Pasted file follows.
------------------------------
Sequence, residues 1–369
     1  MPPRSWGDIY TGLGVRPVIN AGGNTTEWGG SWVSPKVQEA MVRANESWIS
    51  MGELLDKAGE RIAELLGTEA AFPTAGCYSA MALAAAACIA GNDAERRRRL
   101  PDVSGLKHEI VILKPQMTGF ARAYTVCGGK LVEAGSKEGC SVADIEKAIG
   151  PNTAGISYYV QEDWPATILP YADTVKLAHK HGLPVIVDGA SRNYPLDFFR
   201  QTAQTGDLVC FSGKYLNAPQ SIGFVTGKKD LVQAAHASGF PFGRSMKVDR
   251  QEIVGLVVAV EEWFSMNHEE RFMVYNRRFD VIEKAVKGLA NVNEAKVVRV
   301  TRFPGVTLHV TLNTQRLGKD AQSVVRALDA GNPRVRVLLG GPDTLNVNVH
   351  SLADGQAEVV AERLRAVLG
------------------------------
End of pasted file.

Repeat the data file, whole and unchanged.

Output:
Sequence, residues 1–369
     1  MPPRSWGDIY TGLGVRPVIN AGGNTTEWGG SWVSPKVQEA MVRANESWIS
    51  MGELLDKAGE RIAELLGTEA AFPTAGCYSA MALAAAACIA GNDAERRRRL
   101  PDVSGLKHEI VILKPQMTGF ARAYTVCGGK LVEAGSKEGC SVADIEKAIG
   151  PNTAGISYYV QEDWPATILP YADTVKLAHK HGLPVIVDGA SRNYPLDFFR
   201  QTAQTGDLVC FSGKYLNAPQ SIGFVTGKKD LVQAAHASGF PFGRSMKVDR
   251  QEIVGLVVAV EEWFSMNHEE RFMVYNRRFD VIEKAVKGLA NVNEAKVVRV
   301  TRFPGVTLHV TLNTQRLGKD AQSVVRALDA GNPRVRVLLG GPDTLNVNVH
   351  SLADGQAEVV AERLRAVLG